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  13. LOL! I started to read this and rub my hands together.... then I find out you're solicitating more questions, LOL! :-) I'm sure I have plenty but I'm on vacation today and have taken a VOW TO NOT THINK about ANYTHING too important today:-)

    I'll be inquisitive again tomorrow!

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  14. Great idea! You are always so "available" to us, Jody. I know before I pop over here that I am going to learn something useful or be encouraged in a powerful way. Thanks so much for all you do for the rest of us! :-)

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  15. You've mentioned you wrote several novels before beginning the querying process. What about those first novels told you that they were just "practice?" I've recently written my first novel and have sent several thousand words to a freelance editor just to get a professional's view on how far I am from being any good. Did you do something similar or was it just a gut feeling that you needed to grow?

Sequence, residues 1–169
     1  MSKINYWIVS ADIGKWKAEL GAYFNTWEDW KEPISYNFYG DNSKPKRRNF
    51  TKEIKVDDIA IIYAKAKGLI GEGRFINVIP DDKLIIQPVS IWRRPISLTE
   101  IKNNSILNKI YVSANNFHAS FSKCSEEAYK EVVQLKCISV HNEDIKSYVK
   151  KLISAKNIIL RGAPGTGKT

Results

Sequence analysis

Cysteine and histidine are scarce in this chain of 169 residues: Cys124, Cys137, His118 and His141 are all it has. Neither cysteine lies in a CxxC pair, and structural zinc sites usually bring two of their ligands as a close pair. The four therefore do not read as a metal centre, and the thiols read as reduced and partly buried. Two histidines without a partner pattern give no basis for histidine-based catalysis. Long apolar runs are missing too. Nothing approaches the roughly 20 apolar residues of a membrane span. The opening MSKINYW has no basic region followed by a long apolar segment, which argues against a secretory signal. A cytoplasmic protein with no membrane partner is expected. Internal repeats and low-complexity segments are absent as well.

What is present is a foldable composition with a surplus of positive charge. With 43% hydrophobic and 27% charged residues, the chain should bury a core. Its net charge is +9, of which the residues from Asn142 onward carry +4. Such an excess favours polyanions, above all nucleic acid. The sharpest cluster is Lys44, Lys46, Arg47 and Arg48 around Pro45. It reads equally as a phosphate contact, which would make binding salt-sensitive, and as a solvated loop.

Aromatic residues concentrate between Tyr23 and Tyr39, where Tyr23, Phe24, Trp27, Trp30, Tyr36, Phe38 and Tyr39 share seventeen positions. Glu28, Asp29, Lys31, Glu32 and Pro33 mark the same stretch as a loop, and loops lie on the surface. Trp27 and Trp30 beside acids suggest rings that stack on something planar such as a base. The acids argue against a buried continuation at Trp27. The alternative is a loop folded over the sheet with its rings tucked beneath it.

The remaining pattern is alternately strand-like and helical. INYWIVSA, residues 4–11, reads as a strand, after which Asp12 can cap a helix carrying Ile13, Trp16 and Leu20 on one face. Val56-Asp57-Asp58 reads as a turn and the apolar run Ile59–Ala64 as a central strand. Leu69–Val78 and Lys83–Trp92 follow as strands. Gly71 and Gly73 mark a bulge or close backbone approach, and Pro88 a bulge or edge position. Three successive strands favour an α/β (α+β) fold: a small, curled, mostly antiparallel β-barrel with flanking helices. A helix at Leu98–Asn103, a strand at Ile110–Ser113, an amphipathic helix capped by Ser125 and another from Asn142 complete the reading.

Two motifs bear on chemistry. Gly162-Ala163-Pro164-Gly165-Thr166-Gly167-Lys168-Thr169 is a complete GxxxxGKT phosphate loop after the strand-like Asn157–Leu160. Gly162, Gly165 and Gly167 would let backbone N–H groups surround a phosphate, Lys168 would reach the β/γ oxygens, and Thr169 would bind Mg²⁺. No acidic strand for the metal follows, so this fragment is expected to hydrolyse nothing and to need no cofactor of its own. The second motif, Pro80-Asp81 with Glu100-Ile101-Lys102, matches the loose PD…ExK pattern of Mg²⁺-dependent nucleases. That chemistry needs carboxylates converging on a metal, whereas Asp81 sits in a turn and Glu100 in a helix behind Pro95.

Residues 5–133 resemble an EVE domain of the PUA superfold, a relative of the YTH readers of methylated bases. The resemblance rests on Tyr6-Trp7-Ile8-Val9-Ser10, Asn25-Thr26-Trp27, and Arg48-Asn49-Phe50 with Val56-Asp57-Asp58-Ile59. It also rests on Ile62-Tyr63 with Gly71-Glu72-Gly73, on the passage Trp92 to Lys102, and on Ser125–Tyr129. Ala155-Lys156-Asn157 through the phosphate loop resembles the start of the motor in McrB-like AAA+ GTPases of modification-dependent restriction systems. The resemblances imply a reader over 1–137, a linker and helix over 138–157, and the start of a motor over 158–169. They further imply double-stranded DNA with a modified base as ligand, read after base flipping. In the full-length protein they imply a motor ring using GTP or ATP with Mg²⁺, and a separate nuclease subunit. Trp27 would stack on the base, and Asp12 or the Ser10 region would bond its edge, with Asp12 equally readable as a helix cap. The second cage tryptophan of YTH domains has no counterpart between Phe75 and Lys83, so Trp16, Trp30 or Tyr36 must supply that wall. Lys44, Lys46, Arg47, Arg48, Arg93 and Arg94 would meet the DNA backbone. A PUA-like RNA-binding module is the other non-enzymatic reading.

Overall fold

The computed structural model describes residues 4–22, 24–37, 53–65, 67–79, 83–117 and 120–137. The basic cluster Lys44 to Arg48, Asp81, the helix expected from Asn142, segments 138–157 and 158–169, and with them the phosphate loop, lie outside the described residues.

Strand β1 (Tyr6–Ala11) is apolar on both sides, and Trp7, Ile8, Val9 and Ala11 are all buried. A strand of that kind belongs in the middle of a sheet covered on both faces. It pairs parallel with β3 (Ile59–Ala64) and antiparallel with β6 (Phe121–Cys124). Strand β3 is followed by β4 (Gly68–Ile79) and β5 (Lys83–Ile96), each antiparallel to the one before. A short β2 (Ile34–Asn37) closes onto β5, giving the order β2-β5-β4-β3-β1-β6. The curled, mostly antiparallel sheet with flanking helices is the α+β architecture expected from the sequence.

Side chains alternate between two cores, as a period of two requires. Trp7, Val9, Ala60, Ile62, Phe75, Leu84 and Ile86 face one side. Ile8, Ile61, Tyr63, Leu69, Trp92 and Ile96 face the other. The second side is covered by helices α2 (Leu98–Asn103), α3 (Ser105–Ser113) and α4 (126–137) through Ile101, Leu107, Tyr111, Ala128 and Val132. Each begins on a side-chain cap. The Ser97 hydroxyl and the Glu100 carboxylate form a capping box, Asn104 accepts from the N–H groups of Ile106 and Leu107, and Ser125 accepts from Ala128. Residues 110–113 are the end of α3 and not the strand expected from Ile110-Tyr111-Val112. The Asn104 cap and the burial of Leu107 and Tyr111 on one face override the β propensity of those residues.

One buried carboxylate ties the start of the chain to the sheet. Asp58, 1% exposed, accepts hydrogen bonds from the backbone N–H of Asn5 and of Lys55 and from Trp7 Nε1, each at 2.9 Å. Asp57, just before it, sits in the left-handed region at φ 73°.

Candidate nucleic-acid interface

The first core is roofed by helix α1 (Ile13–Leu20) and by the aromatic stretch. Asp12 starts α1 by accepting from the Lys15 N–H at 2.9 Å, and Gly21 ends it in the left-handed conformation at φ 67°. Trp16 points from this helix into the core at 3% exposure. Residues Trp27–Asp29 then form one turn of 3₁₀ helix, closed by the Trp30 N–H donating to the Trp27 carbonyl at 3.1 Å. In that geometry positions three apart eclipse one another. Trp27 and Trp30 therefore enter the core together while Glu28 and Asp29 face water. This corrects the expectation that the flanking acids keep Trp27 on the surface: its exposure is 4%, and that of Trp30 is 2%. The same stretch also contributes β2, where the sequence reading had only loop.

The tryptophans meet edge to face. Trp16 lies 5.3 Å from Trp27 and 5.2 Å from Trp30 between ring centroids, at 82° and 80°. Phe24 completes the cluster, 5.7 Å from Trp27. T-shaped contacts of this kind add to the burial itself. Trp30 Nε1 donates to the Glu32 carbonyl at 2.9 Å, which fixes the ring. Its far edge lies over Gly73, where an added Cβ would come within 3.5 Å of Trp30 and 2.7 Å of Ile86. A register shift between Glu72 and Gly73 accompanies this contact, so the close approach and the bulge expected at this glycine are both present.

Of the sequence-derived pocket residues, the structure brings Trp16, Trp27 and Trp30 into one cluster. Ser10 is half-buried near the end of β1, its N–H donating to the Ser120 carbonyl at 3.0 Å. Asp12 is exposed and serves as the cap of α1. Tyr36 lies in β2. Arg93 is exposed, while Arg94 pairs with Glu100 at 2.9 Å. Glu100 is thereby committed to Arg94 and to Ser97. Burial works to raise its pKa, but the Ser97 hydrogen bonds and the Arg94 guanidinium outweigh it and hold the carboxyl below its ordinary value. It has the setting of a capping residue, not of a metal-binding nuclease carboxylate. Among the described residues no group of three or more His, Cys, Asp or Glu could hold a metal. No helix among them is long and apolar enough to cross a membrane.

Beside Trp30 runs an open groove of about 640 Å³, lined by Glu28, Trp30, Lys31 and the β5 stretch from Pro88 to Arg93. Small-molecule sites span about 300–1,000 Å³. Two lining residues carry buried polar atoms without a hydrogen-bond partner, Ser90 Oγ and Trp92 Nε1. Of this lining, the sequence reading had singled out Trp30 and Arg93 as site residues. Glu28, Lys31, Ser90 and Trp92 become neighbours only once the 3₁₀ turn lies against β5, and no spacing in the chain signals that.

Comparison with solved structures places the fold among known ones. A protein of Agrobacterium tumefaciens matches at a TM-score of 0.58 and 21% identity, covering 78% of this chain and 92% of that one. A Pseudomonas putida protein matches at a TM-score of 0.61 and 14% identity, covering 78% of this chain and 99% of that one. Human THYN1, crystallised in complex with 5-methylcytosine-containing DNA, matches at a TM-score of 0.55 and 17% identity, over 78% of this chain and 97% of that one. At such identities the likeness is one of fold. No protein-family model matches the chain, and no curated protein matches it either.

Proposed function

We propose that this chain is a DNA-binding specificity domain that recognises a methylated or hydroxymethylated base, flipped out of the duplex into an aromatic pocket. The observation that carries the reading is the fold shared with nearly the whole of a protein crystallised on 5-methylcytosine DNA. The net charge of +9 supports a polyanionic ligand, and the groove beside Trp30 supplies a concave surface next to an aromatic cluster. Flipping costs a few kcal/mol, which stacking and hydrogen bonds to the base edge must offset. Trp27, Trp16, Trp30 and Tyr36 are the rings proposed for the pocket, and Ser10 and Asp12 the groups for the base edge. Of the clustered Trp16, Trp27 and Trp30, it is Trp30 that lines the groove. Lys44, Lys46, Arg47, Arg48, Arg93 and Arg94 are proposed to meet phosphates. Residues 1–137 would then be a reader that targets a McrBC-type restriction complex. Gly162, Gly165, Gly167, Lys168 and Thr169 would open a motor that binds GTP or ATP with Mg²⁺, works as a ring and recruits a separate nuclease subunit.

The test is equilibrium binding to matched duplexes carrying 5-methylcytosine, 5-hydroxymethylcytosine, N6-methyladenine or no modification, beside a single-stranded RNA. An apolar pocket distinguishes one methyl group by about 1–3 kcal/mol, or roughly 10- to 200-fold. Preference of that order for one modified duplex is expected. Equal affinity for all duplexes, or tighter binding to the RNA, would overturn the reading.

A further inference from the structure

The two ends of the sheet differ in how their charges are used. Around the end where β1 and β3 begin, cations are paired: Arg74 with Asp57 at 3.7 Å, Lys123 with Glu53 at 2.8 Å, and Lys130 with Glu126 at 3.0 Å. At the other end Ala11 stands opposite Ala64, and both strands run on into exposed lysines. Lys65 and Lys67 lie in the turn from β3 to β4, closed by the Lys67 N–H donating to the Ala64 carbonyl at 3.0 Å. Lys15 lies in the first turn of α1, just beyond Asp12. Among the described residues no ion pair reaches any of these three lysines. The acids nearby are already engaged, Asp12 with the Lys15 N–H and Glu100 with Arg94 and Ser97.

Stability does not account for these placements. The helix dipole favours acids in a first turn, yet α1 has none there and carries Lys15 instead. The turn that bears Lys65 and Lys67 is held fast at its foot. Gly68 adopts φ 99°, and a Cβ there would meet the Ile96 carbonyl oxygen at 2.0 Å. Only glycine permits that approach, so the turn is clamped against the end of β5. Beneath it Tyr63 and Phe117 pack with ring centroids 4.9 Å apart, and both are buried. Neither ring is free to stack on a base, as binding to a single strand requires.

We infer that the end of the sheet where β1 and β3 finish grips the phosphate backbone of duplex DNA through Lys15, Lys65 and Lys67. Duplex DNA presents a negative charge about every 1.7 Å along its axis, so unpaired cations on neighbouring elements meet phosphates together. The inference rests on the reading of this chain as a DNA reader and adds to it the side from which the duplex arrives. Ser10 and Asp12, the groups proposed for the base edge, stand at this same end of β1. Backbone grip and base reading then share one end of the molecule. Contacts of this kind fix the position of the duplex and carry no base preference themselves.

Now you're writing something all new. Any chance those early novels can be salvaged? I'm just trying to wrap my head around the idea of investing so much time and energy into something and then putting it aside.

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  16. *sigh* I just wrote a totally long comment and it disappeared on me. Take two;

    I'd love to hear about how it is working with an agent, especially one as awesome as Rachelle.

    Does blogging ever become a grind?

    I'm a homeschooler as well and I'd love to compare your writing schedule to mine when it comes to school days.

    How do you think you'll react when you see your novel on the shelf in the bookstore? Fall on your knees? Bawl like a baby? Shake all surrounding unsuspecting customers? I really want to know!!!